THE STRAIGHT DOPE:
Among the five films Werner Herzog made with Klaus Kinski, Woyzeck (1979) occupies a unique spot. While the other films (Aguirre: The Wrath of God, Nosferatu, Fitzcarraldo, and Cobra Verde) qualify as mega productions with numerous locations and, in some cases, outlandish production demands, Woyzeck, based on Georg Buchner's play, was filmed very quickly with few locations on the tail-end of the Nosferatu shoot. The scope of the film also is much more focused: Rather than pulling a steamboat over a mountain or leading an army of African slaves, Kinski's Private Woyzeck is solely concerned with the drama within his own mind. The film presents us just with the bare minimum as far as elements of Woyzeck's life. There is his relationship with Marie (Eva Mattes, who won Best Supporting Actress at Cannes for her work here), his captain, his doctor, and his only friend, Andres. Each of these characters has been at work ruining Woyzeck's mind: The captain condescendingly ridicules him for rushing through life and being too thoughtful, the doctor, as an experiment, has allowed Woyzeck to eat only peas, and Andres, a stupid drone, offers no emotional support. When Woyzeck discovers that Marie has been carrying on with a manly drum major (the film constantly reminds us what REAL men and women are, and Woyzeck does not fit the bill) his psychosis takes him over completely.
Clocking a mere 80 minutes, Woyzeck shows that the famously operatic Herzog does indeed have the ability to rein himself in. Since he makes no real attempt to place Woyzeck's struggles into a larger context, outside of the brief criticisms of authority figures, he doesn't need to make a film of epic length. The production itself is equally sparse. Grim, simple sets create a mood of despair and simple lighting set-ups, with hot-points in the center of the screen, falling off to darkness at the edges, give the impression that we are spying on these lives with a spot-light or through a microscope. Even Kinski's frequent glare directly into the camera lets us know that on some level he knows that we are watching, and he would plead for our sympathy if he still thought we had any. Kinski's performance is complex and layered; No one can truly project the unraveling of a man like he did. His physical abilities are unparalleled. In other films, where plays megalomaniacal rulers, he appears huge, powerful. But here he seems broken, small, slumped. He is easily picked up and swung around by the drum major the same way the doctor swings a cat in an earlier scene.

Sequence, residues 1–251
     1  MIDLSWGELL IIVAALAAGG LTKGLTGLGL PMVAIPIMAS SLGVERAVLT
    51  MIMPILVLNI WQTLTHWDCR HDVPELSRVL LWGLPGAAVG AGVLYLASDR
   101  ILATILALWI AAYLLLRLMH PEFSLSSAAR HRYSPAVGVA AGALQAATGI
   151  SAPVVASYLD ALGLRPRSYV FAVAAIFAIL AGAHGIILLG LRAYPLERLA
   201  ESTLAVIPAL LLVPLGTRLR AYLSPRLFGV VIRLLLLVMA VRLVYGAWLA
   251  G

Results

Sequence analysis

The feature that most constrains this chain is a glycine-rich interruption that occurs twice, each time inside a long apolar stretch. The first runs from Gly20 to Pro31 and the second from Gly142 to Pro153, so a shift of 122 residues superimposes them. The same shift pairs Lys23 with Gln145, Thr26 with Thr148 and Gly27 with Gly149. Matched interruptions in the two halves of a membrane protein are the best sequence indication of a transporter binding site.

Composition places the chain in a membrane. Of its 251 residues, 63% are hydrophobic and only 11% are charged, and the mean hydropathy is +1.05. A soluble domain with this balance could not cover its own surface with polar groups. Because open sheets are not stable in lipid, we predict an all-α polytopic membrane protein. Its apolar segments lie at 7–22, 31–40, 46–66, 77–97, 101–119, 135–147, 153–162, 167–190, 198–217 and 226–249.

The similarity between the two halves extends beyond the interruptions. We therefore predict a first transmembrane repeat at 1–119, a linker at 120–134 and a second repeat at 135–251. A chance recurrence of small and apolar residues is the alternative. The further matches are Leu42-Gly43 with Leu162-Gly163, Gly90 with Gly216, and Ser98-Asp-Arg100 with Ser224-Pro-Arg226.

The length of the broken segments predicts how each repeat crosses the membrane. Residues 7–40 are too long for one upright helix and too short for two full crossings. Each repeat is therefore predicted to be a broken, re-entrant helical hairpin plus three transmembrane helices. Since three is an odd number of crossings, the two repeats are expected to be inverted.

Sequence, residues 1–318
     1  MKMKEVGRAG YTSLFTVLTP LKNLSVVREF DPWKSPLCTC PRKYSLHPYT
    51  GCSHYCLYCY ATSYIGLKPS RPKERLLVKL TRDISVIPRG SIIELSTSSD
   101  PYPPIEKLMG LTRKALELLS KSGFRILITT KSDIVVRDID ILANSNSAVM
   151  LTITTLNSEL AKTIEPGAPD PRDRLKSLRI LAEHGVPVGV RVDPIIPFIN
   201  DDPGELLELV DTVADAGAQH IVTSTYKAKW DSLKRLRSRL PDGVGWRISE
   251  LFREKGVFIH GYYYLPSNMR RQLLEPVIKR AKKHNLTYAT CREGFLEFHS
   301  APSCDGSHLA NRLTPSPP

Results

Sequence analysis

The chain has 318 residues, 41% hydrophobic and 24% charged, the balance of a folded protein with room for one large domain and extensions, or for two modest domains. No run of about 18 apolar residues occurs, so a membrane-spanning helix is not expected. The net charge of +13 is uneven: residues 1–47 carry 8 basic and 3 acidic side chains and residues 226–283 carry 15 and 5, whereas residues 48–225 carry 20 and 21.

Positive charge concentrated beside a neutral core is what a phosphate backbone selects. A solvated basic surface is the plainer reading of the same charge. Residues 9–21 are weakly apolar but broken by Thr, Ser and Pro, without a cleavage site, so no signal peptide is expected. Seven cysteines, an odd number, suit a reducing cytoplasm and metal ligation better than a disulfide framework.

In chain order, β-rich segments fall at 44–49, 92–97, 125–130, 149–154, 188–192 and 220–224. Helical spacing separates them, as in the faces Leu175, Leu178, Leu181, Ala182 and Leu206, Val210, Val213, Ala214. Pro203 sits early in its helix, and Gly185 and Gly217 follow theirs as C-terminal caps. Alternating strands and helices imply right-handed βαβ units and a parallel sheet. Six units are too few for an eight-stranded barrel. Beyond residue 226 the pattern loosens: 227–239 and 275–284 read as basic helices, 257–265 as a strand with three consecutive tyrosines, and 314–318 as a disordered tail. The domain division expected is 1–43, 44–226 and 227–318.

Woyzeck's mind deteriorates throughout the film and he grows more disturbed and disturbing. Kinski contorts his face and body and really expresses Woyzeck's every emotional turn so that by the violent conclusion, more gruesome for what is not shown than what is, we see that in his mind there was no other choice. Woyzeck may not pack the sweeping punch of Aguirre but it is a worthwhile film, especially for another amazing performance by Kinski.
The picture in Anchor Bay's release is superb. This must have been a difficult film to transfer, given the raw nature of the images, but it works great. The transfer is anamorphic and couldn't be any better.
The audio also has been expertly rendered. The score consists mostly of a bizarre, cacophonous string piece that serves to set the film slightly off-kilter. It feels as disjointed as Woyzeck's mind.
The film is in German with clear English subtitles.
Woyzeck is surprisingly light on the extras. A trailer and talent bios are all that are included. Even though Herzog commentary tracks can usually be expected, none is to be found here. The trailer is fine, but not essential. As always, some Kinski outtakes would be nice.
Other Herzog / Kinski reviews:
Woyzeck is a fascinating film from one of the most unique director-star combinations, especially after viewing some of their grander productions. While the story of a man's mental descent has been told many times, Kinski's raw approach to the character makes this one of the most effective versions.
My Best Fiend
Gil Jawetz is a graphic designer, video director, and t-shirt designer. He lives in Brooklyn.
E-mail Gil at firstname.lastname@example.org